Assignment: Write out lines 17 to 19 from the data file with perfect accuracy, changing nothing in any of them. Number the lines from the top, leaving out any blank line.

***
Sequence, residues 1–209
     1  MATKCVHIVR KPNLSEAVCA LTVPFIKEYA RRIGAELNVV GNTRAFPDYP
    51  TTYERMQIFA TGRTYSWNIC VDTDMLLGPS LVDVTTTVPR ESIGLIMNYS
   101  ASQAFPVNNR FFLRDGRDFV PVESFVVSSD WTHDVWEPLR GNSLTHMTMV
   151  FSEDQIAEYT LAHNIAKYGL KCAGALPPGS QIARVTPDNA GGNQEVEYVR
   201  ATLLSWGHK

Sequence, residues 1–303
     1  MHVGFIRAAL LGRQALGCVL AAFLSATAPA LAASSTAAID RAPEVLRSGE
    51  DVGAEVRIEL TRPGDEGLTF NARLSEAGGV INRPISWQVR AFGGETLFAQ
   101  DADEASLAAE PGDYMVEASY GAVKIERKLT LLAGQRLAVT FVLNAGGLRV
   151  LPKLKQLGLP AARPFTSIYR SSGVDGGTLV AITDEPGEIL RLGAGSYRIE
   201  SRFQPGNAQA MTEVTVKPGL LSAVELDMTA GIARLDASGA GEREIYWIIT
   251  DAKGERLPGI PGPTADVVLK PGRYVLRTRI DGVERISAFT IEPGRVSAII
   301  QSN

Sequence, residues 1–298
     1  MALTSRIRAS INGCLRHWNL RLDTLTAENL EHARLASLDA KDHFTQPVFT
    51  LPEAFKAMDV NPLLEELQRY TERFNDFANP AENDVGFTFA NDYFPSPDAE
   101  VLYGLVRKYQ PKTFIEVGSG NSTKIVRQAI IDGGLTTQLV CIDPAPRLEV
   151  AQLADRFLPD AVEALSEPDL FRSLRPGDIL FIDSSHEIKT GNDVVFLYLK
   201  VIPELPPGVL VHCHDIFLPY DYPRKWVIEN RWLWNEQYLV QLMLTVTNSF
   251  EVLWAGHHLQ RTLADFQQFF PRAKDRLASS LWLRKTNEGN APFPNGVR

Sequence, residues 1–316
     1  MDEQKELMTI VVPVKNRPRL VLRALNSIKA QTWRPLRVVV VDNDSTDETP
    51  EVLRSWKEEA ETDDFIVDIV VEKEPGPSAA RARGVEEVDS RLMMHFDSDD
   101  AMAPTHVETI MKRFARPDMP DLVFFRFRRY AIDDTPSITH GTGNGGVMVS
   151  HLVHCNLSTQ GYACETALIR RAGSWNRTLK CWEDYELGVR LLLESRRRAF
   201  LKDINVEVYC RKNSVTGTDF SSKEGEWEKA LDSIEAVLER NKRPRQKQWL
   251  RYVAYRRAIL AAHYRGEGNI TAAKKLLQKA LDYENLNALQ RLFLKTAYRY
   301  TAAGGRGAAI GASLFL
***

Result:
    51  LPEAFKAMDV NPLLEELQRY TERFNDFANP AENDVGFTFA NDYFPSPDAE
   101  VLYGLVRKYQ PKTFIEVGSG NSTKIVRQAI IDGGLTTQLV CIDPAPRLEV
   151  AQLADRFLPD AVEALSEPDL FRSLRPGDIL FIDSSHEIKT GNDVVFLYLK